Golden

Every rider has one, that favorite little ribbon of road close to home, your go-to when you want to get away from it all. For me it’s Merlin-Galice Road and Lower Graves Creek Road, a twisty little strip that runs through Hellgate Canyon and along wild and scenic sections of the Rogue River. There’s little traffic, plenty of turns, and no shortage of scenery.

The 2019 Honda Africa Twin Adventure Sports has four different riding modes, including a customizable User mode, which I set on the highest power delivery (1), little engine braking (1), and just a little traction control (2). With User mode engaged, I fired up the Africa Twin for another Oregon adventure. The bike is one of the tallest street bikes I’ve ridden and it took me a bit to figure out a routine for swinging a leg over its saddle. The seat of the Adventure Sports version of the Africa Twin sits 36.2-inches above the ground in its standard position and thankfully has 0.8 inches of adjustability because even in the lowered 35.4-inch position, it still sits high though I stand six-feet-tall. Luckily, the seat tapers toward the tank and if I snug up to it I can get both feet flat on the ground at a stop.

The road out of town skirts the Rogue Valley as it passes by small family farms, green pastures and dairies. I’m barely out of town before the fun begins, the road becoming a series of “S” turns before changing to smooth arcing corners. The Adventure Sports’ tall seat height becomes a moot point once in motion as its ground clearance is generous and it transitions with just a hint of roll between tipping points. Its stock Bridgestone tires are definitely more street-oriented, suitable for light off-roading but a little slippery in rocky, loose conditions.

Hopping on Galice Road just outside of the tiny town of Merlin, there’s a long straight so I open the Africa Twin up. Clutch pull is pretty tight but the throttle-by-wire system is ultra-responsive and the 998cc engine is quick to spool up. It’s definitely a Twin, packing a solid punch off idle followed by a meaty midrange and top-end that tapers off fairly quickly. The spread of power is compact, so I find myself banging through gears fast to keep it in the heart of the powerband. Luckily the six-speed transmission is slick and smooth, so rowing up and down the gearbox is a cinch.

It doesn’t take long to get to Hellgate Canyon. The steep slopes and rocky cliffs have been the backdrop for several movies, from Rooster Cogburn starring John Wayne to The River Wild with Meryl Streep. The river cutting through the canyon is full of rafters as floating the Rogue is a great way to beat the summer heat. The road follows the winding path of the river, and the Honda Africa Twin feels very sporting on the edges of its tires, exceeding expectations from a bike that’s both tall in the front (21 inches) and tall in the saddle. Contrarily, turn-in is quick and light, it's steadfast in corners, and is a fun bike to ride in the twisty stuff.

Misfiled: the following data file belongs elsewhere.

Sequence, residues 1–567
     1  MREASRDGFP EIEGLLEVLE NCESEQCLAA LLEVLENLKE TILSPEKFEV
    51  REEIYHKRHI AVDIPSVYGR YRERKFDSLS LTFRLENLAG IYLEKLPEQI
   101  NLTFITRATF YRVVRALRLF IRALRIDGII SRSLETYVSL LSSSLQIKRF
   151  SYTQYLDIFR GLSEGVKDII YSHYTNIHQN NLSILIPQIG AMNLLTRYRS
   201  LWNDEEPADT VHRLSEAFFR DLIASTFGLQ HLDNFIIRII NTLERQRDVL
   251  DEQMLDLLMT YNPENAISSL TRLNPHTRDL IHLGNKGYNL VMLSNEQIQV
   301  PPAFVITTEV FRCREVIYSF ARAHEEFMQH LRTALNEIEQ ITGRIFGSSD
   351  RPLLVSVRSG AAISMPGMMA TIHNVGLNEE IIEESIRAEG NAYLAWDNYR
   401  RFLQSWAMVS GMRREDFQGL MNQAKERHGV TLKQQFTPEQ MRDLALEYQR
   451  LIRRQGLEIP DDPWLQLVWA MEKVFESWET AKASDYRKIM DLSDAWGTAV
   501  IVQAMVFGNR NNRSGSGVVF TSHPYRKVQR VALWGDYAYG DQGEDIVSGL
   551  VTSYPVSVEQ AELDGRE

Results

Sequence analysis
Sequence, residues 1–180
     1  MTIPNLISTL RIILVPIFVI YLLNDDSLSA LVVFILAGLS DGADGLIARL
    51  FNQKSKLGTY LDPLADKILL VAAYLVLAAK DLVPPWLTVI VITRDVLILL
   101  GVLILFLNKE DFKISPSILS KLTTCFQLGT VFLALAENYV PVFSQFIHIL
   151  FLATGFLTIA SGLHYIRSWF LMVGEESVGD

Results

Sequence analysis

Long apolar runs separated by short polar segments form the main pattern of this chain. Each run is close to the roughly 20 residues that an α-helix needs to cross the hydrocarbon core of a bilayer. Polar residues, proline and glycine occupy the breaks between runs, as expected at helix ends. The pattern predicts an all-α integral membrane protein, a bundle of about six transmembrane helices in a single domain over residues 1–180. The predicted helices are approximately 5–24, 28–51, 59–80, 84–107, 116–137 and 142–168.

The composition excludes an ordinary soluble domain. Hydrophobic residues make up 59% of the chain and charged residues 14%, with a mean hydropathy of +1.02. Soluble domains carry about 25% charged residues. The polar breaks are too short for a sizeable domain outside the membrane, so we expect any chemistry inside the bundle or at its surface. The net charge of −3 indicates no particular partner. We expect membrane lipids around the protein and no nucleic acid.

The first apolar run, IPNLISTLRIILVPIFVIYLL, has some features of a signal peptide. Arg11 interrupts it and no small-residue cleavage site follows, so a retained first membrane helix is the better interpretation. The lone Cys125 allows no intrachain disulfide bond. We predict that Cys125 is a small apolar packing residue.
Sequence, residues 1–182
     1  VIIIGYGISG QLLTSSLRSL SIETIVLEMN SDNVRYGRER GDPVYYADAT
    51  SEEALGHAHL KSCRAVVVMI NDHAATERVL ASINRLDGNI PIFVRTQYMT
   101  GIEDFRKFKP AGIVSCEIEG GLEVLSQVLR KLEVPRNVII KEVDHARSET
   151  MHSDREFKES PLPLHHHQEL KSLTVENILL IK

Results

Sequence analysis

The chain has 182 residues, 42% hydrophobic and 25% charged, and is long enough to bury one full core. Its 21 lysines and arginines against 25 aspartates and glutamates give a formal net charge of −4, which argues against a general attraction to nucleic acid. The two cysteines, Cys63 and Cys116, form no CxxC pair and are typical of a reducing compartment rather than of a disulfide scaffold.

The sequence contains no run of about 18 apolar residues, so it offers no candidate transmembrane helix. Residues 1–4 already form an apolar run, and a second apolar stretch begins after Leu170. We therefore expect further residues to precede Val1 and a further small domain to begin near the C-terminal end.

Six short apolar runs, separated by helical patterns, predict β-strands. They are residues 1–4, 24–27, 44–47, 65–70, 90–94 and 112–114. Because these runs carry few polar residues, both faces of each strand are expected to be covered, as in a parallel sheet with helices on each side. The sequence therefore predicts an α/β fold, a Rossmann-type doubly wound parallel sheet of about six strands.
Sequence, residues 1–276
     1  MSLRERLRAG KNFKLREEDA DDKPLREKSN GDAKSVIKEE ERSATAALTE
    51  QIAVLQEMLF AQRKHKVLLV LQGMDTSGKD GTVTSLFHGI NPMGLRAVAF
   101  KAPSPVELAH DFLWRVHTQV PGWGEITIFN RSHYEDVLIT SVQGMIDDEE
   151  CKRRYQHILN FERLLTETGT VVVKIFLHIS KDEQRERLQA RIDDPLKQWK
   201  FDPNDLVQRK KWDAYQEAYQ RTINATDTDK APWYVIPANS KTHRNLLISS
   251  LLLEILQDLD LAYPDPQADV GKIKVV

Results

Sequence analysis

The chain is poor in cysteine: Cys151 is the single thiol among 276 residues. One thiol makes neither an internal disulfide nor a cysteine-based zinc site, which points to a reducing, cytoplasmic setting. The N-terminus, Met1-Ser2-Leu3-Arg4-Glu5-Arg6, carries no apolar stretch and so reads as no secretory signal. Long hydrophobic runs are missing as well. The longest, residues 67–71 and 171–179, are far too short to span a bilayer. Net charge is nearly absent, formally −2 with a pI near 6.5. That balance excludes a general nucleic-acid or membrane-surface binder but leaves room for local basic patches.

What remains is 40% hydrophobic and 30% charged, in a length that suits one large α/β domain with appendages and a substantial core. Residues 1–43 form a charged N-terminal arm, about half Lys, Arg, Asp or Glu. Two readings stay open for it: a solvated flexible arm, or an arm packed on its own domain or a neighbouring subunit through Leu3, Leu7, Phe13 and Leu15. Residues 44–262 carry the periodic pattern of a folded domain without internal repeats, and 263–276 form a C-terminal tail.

This would become even more apparent on Lower Graves Creek Road which punches out to I-5 at Wolf Creek. The road is tight and narrower, squeezing down to one lane at times, with several blind switchbacks. Thanks to winter storms, the road can also be pretty rough, but between the responsive suspension package and grippy Bridgestones the 2019 Honda Africa Twin Adventure Sports felt composed at lean and exited corners with gusto thanks to its punchy engine.

We dialed it back coming into Wolf Creek, a blink-and-you’ll-miss-it spot on the Oregon map. Before jumping on I-5 and blasting back home to Grants Pass, we took a leisurely ride over to Golden, an old ghost town just down the road from Wolf Creek. According to the Travel Channel’s Ghost Adventures, Golden is “a sinister ghost town near Wolf Creek, OR. During the investigation, Zak is overtaken by an aggressive entity, Aaron is incapacitated by a dark force, eerie figures appear and a voice warns of a demonic presence.” Fortunately, we didn’t get accosted by any ghouls during our visit, but the rustic wooden buildings of the old mining town, particularly the Golden Community Church, did serve as a cool backdrop for some photos with the Africa Twin. But apparently people do believe this place is haunted because sure enough right before we took off, two young girls and a guy showed up. I watched as one of the girls in a long, flowing dress was scouting for spectral energy while the guy had some special camera and was videoing the main house when we left. All that was missing was the Mystery Machine and some Scooby snacks.

Sturgis

The Honda Africa Twin isn’t the first bike that comes to mind when you’re talking about road-trippin’ to Sturgis. Which is exactly why I wanted to ride it the most famous motorcycle rally in the world. What better way to really get to know a bike than to spend several days and thousands of miles in its saddle?